Scentsational Museum Patrons

This weekend I had the pleasure of spending hours and hours at the Isabella Stuart Gardner Museum and the Museum of Fine Arts. In addition to the innumerable delights consumed via my eyes, I was impressed with many of the delights provided by museum patrons par nez.

Being a scent-hound, I pay attention to perfumes I pass in public. I have to say that this particular set of museum-goers were easily the best-scented group of folks I’ve encountered in the wild in quite some time. Sure, we all usually drown ourselves in something-or-other when we go out to a club for the evening, but it’s hard to capture specific scents amongst the beer, fog machine, sweat, and whatever else might be going on (oh, what sort of clubs do you frequent?). It turns out that museums are apparently exceptional in this regard, being filled with quiet, slow-moving, interesting people. It makes sense in retrospect, but I never put two and two together previously.

Some of the juices were pedestrian, but that’s okay. At least folks were making an effort. A handful of ladies had some impressive scents. Luckily none called security on me for following them around with my nose. None of the men’s scents stretched the boundaries of style, though I was pleased by the number of men wearing scent in general, and I was pleased that there weren’t too many instances of the painfully-overused (out-used? used-up?) common male perfumes. I even caught a whiff of some Old Spice at one point!

Picayunes aside, it was a blast art-looking, people-watching, and people-smelling! I’m already looking forward to my next visit to a museum.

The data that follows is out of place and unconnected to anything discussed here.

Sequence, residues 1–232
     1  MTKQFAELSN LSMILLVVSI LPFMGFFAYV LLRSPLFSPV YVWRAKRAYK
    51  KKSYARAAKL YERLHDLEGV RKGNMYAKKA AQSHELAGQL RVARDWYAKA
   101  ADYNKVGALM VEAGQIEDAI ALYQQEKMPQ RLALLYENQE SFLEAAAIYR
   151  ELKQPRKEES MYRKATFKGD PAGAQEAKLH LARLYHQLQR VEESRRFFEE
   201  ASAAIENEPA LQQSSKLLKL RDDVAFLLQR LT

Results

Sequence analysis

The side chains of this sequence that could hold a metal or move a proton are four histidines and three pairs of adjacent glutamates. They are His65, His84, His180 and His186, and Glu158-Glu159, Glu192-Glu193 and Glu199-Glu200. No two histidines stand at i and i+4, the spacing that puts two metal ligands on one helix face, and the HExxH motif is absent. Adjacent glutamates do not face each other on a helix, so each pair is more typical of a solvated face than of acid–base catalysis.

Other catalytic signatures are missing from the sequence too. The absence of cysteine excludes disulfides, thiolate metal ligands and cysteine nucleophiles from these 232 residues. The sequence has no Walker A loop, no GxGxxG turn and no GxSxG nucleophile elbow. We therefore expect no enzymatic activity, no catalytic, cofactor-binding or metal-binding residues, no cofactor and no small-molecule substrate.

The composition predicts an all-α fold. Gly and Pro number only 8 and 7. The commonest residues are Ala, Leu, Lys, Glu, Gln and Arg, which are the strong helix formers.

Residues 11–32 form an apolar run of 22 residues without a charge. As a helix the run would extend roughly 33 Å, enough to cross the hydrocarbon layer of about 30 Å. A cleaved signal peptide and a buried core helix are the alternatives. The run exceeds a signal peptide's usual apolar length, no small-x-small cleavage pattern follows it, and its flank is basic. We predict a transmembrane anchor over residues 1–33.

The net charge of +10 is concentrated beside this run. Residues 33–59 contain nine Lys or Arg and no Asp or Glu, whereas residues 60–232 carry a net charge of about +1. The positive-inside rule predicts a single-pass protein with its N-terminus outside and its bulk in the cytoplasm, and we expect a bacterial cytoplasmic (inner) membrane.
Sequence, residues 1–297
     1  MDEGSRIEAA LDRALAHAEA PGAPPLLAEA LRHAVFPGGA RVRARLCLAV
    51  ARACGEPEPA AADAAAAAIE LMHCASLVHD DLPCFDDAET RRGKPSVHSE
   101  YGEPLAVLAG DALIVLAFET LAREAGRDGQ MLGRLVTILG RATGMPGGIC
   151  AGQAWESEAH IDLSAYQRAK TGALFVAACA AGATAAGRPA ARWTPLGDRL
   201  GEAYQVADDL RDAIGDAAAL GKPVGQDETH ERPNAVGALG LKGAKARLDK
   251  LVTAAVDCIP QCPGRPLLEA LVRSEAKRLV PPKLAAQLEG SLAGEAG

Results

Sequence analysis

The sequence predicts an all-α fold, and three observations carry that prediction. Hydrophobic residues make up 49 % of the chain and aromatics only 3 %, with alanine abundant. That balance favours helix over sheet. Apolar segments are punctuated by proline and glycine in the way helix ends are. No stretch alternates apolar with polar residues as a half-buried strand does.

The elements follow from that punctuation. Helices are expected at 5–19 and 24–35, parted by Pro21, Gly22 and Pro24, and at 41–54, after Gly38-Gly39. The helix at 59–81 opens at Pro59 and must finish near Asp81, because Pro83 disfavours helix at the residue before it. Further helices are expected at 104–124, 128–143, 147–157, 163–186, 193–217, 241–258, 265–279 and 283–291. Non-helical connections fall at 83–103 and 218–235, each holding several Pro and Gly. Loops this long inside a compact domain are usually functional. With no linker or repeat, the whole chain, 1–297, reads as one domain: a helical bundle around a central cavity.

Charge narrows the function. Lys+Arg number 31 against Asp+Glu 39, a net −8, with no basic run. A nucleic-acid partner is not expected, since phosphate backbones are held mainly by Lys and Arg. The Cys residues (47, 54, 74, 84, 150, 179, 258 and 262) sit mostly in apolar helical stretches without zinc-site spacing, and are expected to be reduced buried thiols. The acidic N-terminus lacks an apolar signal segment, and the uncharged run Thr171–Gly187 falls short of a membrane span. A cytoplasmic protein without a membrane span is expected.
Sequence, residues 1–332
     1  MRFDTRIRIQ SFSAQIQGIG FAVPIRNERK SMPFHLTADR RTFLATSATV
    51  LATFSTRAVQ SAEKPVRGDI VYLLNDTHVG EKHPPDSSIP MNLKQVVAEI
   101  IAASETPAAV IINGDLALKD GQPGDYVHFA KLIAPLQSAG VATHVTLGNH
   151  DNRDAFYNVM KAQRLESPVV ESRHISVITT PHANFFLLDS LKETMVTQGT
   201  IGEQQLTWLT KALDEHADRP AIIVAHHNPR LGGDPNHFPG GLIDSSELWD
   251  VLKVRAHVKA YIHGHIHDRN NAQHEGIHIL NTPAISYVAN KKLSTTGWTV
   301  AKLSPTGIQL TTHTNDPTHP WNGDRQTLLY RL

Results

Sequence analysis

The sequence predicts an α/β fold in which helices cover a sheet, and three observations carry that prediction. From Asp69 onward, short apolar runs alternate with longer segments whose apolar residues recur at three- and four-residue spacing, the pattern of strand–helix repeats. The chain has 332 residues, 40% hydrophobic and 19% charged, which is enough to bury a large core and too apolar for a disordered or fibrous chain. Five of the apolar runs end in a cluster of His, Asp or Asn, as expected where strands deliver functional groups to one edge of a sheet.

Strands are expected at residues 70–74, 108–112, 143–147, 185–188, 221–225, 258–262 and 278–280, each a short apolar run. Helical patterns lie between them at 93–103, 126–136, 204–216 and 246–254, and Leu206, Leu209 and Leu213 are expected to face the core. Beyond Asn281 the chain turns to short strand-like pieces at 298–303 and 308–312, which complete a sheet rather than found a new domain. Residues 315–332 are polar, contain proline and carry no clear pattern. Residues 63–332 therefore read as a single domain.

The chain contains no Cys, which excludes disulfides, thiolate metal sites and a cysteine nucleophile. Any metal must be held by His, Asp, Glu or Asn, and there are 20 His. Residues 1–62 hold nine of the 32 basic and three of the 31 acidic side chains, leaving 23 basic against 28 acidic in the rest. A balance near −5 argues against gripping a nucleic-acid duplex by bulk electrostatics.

If you were at either museum this weekend and walked past a long-ish-haired gentleman who smelled of tuberose, that was probably me. Pleasure to make your nose’s acquaintance; I hope I did not olfactorily offend.

An Experimental Exercise In Managing Professional Bias

My dear friend Betsy Aoki shared a great article this afternoon that everyone in tech should read (and probably every other industry too, but I can’t speak as definitively there). The assumptive and presumptive behavior of the suitably-embarrassed and chastised folks in the article got me to thinking about how we fail as professionals on a constant basis in judging people too fast. There are logical arguments to be made as to why we insist on jumping to conclusions fast (too many meetings in a day, not enough bandwidth right now, etc.) but that doesn’t justify the behavior pattern – especially if it’s (all too often) wrong, discriminative, offensive, and worse.

For the avoidance of doubt, I have no problem with people judging each other. It’s part of human nature, and at a professional level we do have to prioritize, bucketize, and order other human beings, as cold as that may sound.

But you can judge people in two radically-different ways that I refer to as “top-down” and “assumptions-up”.

Most folks (and we all – each and every one of us – have been guilty of it at some time) work in the “assumptions-up” world – just like the unfortunate, embarrassed folks in the above article. Whether you want them or not, you DO have preconceived professional notions that you have learned about people based on irrelevant data like age, gender, race, religion, and even on things as random as height, weight, speech patterns, and hair color! If you think you’re exempt from these behaviors for some magical reason, YOU ARE WRONG. Do yourself a favor and check out Dr. Mazharin Banaji’s implicit-association research, book – or even take an IAT test yourself (warning: I was disturbed by my results).